15. To smooth cellulite: If you want to reduce the appearance of cellulite, coffee grounds may help. Just use the scrub you made above and rub it into your “trouble areas” for 10 minutes twice a week to see if it works for you. 5 Cellulite is, of course, completely normal, and it affects up to 90% of women. Coffee grounds may or may not do much, but they will smooth the skin and improve blood flow, so it’s probably worth a try.
16. To relieve acne: Can coffee really soften and clear the skin? Yes. Because coffee is both an astringent and antioxidant-rich, it makes a wonderful cleanser for skin. To help clear up acne, make a paste by adding just enough milk. Then, rub the combination into your skin very gently, let it sit for about 20 minutes, and rinse.
17. To brighten up dark hair: If you want to bring about the richness of the darker color of your hair, then coffee grounds can also be used as a non-toxic hair dye as well. (It may even help cover some gray.) Mix a half-cup of coffee with 2 tablespoons of your coffee grounds and a cup of leave-in hair conditioner or an almond and coconut oil mixture. (You can also make your own leave-in conditioner if you’d like.) Apply the coffee ground mixture to clean, damp hair, starting with the scalp in circular motions to exfoliate. Then, leave it for at least an hour before washing it out. While the results are subtle and only last for a short time, they can make dark hair look richer and healthier.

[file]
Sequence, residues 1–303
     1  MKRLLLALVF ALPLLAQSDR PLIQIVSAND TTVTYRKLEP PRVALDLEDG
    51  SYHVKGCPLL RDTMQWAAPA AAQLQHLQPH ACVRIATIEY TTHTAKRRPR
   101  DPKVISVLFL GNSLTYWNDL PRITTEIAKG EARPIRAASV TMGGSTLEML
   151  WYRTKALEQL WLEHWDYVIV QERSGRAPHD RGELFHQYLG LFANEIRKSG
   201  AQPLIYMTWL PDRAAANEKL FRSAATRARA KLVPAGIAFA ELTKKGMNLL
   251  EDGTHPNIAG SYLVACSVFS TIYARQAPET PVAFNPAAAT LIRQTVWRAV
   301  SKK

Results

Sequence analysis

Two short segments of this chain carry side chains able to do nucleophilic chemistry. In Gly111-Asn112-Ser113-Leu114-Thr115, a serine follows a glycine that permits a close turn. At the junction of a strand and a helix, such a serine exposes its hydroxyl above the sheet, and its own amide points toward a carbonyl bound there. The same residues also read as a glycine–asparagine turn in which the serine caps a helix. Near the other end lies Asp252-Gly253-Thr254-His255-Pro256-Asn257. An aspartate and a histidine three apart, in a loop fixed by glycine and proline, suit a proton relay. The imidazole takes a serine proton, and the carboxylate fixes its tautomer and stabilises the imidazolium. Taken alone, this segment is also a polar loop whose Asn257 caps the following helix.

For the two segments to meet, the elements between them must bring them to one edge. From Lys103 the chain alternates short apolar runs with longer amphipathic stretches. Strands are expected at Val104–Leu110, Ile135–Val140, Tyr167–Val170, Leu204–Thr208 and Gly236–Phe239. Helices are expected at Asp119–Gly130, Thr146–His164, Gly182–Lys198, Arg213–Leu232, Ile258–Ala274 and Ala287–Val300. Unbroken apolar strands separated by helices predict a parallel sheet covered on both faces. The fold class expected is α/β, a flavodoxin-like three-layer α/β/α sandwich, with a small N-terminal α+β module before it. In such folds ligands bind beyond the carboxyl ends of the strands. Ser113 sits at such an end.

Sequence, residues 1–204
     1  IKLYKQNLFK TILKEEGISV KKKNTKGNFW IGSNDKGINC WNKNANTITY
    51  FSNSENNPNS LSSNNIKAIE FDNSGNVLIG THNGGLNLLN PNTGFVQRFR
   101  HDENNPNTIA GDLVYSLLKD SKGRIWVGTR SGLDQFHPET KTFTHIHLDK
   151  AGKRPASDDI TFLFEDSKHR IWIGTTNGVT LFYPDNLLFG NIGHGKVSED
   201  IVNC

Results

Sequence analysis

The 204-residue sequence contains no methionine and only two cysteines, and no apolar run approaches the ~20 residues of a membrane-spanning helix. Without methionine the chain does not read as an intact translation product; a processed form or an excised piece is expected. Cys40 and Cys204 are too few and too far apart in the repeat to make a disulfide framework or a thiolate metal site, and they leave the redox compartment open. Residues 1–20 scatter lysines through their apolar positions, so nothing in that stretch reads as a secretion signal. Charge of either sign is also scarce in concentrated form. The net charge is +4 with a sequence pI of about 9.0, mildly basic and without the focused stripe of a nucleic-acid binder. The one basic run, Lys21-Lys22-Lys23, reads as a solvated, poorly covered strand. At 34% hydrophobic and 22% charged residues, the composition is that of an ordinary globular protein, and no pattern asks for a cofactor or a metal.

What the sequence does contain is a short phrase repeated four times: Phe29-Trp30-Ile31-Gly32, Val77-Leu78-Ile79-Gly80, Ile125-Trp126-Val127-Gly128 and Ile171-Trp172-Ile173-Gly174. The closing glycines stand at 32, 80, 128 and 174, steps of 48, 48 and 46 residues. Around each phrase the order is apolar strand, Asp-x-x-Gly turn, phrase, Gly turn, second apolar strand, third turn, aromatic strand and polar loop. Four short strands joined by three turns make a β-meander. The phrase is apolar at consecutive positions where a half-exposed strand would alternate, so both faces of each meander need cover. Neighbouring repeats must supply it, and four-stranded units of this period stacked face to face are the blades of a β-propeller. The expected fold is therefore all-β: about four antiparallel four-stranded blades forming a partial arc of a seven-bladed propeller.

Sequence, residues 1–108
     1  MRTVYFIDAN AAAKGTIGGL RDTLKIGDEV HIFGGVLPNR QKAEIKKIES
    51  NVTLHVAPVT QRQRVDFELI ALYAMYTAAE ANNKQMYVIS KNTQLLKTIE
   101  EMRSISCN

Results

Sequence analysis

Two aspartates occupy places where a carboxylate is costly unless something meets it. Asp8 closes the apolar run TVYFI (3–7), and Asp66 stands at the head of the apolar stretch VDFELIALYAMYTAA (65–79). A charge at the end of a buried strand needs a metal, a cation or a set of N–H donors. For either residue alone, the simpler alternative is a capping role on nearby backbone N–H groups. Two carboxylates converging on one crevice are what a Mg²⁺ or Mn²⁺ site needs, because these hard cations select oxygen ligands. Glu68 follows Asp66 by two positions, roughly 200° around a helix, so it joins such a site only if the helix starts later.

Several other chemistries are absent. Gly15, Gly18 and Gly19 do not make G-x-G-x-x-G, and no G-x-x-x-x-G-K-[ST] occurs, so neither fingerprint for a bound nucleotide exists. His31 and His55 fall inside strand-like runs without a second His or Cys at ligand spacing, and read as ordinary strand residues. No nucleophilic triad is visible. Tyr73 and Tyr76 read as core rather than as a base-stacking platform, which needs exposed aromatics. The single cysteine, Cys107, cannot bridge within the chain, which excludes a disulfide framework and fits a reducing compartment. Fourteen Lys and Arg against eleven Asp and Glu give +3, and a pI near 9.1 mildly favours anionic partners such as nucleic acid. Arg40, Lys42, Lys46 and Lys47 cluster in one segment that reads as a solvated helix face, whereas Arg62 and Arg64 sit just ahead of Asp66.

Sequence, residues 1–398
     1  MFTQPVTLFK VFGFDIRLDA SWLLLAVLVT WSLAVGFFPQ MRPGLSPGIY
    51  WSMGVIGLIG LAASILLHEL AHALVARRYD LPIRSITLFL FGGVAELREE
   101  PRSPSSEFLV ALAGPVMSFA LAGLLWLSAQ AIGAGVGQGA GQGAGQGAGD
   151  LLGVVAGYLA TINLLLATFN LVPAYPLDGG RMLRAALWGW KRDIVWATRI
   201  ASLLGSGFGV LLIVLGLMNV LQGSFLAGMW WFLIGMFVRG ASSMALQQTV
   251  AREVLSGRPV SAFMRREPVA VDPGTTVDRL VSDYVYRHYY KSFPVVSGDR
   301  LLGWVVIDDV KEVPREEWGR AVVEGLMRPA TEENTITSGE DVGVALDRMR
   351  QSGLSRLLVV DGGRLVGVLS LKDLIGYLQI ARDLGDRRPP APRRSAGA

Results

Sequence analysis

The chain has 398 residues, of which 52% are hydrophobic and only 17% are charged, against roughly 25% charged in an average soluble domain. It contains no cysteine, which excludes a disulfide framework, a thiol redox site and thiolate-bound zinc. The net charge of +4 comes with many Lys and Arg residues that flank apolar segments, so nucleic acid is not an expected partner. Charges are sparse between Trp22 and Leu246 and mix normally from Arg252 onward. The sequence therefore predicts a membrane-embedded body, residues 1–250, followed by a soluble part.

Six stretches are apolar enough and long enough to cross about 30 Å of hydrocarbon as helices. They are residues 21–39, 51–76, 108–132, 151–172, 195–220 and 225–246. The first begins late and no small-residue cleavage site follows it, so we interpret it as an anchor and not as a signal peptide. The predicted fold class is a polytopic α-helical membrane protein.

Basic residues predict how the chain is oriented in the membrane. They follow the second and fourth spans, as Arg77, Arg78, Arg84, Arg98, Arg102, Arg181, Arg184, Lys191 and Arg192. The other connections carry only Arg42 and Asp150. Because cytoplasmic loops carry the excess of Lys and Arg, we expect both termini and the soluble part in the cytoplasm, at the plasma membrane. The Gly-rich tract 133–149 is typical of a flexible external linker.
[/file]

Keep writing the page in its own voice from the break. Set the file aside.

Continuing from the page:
Used coffee grounds will also help remove residue left behind your usual shampoo or styling products. If you aren’t looking to change the color, you can just rub the grounds into your hair and rinse immediately. You will still likely notice your hair looks brighter and shinier.
18. To promote hair growth: Some research suggests that used coffee grounds may also help reduce shedding and help hair grow by blocking the effects of DHT and testosterone, which may cause hair loss. It can also increase blood flow and stimulate hair follicles, which can also encourage hair growth. 6 If you’re not trying to dye your hair, just massage a handful of used coffee grounds into your hair, massaging into the scalp to exfoliate for a minute or two. Then rinse and wash as usual. For best results, repeat once or twice a week.
19. To decrease the signs of aging: The skin under your eyes is the most delicate skin on your body. And there’s little fat in this area, so it’s one of the places that first shows signs of aging. Because coffee grounds supply antioxidants and caffeine, which helps stimulate blood circulation, they may help reduce the appearance of under-eye discoloration and puffiness. Just combine coffee grounds with some water or almond or coconut oil to create a paste. Apply the paste to the area under the eyes for about 10 minutes but avoid rubbing it in. Rinse off and complete your skincare regimen as usual.
Before you discard your used coffee grounds, consider all of the amazing ways you can put them to use—whether it’s in the garden, the kitchen, or as part of your beauty routine (or all of the above). As if we needed another reason to indulge in that next cup of coffee…